Tens of thousands of people die from opioid overdoses each year. Those numbers continue to go up, especially as highly potent and dangerous drugs like fentanyl overtake the streets. Opioids, which are a class of drugs that include prescription painkillers and heroin, cause respiratory depression. Respiratory depression is the cause of opioid overdoses resulting in death.
Opioids are highly addictive, and addiction can have severe consequences. People who struggle with opioid addiction may be more likely to engage in other risky behaviors, they may experience breakdowns in their relationships, and they may be unable to maintain a productive life. Untreated opioid addiction can also lead to criminal behaviors. There’s so much conversation about what can be done to curb these effects. One approach is medication-assisted treatment or MAT. Naltrexone pills are part of a complete MAT approach to opioid misuse, and they can also be used to help treat alcohol use disorder.
Instead, it often requires a holistic approach, which is what MAT is. With medication-assisted treatment, people addicted to drugs or alcohol may receive medication such as naltrexone pills. That medication alone isn’t considered a cure-all. Ideally, medication is combined with behavioral treatment and counseling which looks at all of the components contributing to addiction. This is the best way to be successful in long-term recovery.
Both naltrexone pills and the injectable form block the brain’s response to opioids, since this drug is an opioid antagonist. There are certain receptors in the brain and throughout the central nervous system occupied when a person takes opioids. The activation of these receptors is why users experience the effects of these drugs, such as pain relief, euphoria, and respiratory depression. With naltrexone pills or the injectable version, the same receptors are occupied by the naltrexone, blocking the effects of other opioids. The effects of naltrexone are similar in alcoholics. Alcohol activates some of the same receptors as opioids. Naltrexone can block the pleasant effects of alcohol. If someone takes naltrexone and then drinks, they’re not likely to feel a buzz or feel drunk from it. Without those desirable effects, cravings may be reduced.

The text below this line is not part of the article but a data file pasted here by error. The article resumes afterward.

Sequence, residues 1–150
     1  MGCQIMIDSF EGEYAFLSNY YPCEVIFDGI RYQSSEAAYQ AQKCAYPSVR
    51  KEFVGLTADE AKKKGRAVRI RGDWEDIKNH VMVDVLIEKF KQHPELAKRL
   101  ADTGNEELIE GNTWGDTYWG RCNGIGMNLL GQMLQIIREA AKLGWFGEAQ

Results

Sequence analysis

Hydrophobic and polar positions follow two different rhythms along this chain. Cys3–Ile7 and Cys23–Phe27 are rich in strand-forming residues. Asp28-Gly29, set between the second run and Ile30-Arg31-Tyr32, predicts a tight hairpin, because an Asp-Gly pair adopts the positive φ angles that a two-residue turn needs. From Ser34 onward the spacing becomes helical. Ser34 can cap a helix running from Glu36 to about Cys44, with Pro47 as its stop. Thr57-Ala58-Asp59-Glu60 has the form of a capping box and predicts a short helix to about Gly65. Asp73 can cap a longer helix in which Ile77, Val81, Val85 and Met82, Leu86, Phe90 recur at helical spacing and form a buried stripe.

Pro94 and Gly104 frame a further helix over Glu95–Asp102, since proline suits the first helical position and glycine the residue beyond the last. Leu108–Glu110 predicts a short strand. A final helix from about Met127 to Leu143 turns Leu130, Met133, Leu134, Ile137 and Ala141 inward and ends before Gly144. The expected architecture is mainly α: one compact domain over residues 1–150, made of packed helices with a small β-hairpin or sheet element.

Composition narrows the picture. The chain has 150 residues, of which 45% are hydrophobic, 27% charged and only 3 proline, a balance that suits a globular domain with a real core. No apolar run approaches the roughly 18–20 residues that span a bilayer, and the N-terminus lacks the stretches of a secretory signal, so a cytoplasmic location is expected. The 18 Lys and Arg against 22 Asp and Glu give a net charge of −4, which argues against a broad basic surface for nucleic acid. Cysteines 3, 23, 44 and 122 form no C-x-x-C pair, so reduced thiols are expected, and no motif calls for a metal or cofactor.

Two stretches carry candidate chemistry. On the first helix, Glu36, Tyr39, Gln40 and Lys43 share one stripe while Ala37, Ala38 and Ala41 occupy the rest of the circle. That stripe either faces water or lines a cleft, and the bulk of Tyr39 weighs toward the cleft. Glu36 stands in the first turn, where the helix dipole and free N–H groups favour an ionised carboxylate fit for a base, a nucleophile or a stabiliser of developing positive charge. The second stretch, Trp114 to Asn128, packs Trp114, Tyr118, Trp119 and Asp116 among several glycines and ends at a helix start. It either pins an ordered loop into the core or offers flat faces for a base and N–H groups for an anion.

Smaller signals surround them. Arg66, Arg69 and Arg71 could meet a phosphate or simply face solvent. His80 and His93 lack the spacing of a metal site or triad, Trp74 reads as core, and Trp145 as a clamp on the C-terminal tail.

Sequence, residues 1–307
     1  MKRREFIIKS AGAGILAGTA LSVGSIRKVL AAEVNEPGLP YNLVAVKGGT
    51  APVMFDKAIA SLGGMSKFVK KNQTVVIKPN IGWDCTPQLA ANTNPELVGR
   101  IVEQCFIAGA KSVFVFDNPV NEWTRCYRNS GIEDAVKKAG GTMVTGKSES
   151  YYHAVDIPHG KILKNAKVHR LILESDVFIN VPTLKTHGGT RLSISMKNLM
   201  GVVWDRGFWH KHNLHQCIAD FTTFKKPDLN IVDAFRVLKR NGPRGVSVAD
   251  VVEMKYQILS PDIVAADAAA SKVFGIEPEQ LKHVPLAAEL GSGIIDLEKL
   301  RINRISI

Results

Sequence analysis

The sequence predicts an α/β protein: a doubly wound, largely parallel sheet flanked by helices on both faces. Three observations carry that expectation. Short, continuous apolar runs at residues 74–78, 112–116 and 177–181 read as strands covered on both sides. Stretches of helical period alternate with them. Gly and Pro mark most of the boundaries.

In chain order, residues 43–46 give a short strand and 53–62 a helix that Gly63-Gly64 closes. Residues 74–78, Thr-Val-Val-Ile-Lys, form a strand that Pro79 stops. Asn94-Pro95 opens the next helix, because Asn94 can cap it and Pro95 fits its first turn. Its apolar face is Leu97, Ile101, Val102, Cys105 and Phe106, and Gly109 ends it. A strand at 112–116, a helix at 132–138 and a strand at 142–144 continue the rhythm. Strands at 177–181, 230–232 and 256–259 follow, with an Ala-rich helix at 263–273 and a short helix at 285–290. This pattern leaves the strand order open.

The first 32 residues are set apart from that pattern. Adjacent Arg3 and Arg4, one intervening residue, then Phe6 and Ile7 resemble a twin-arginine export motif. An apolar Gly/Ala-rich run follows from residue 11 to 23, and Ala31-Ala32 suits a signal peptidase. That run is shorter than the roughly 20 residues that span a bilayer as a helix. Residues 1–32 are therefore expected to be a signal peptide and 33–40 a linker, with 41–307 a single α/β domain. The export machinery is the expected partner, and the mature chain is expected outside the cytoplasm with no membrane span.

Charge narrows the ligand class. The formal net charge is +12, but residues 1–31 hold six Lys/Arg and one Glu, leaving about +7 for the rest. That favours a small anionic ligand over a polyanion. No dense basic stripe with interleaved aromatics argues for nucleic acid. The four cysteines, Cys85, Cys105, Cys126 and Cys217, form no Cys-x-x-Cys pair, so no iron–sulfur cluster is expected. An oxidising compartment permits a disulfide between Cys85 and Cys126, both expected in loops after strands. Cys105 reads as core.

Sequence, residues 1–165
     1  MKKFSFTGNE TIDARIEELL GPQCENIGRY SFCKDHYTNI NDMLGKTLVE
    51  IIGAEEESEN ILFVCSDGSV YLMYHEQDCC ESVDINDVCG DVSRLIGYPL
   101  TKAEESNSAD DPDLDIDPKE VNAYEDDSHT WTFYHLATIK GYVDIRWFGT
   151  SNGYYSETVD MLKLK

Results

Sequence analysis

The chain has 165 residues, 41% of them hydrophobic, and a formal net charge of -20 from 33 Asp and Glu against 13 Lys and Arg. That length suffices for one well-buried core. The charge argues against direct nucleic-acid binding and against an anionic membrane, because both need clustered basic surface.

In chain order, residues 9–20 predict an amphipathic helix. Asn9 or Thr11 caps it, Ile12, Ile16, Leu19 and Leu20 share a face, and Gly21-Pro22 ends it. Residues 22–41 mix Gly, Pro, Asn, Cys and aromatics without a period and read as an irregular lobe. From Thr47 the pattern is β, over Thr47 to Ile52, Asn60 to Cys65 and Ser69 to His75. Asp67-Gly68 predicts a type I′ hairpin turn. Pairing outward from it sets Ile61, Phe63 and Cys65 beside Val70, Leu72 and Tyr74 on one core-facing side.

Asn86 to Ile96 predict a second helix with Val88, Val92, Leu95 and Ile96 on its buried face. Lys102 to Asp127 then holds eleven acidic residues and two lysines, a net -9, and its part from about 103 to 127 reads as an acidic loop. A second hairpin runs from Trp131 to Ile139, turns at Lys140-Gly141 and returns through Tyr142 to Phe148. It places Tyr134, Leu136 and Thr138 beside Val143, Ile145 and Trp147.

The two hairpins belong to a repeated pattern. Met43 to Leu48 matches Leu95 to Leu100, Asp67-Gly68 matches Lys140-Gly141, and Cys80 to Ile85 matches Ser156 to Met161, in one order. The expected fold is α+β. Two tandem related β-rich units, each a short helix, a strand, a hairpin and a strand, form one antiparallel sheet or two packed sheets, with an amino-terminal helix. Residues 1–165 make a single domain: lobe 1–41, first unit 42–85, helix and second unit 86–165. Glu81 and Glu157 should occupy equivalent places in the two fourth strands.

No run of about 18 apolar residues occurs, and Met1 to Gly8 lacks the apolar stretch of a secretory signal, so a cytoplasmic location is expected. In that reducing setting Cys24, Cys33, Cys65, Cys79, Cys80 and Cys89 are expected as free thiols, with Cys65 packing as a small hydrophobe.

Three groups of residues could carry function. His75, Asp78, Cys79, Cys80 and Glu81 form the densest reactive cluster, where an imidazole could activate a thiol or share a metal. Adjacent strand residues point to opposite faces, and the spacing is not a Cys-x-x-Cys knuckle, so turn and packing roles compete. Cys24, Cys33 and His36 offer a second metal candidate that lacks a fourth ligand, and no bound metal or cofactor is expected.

If you or your loved ones are struggling with addiction, we encourage you to contact The Recovery Village. We offer nationwide treatment centers with programs that vary in approach and length. We work with patients to address each aspect of their issues and prepare them for a successful, productive life free of opioids or other substances.
Medical Disclaimer: The Recovery Village aims to improve the quality of life for people struggling with a substance use or mental health disorder with fact-based content about the nature of behavioral health conditions, treatment options and their related outcomes. We publish material that is researched, cited, edited and reviewed by licensed medical professionals. The information we provide is not intended to be a substitute for professional medical advice, diagnosis or treatment. It should not be used in place of the advice of your physician or other qualified healthcare provider.
Have more questions about Naltrexone abuse?Read the most frequently asked questions
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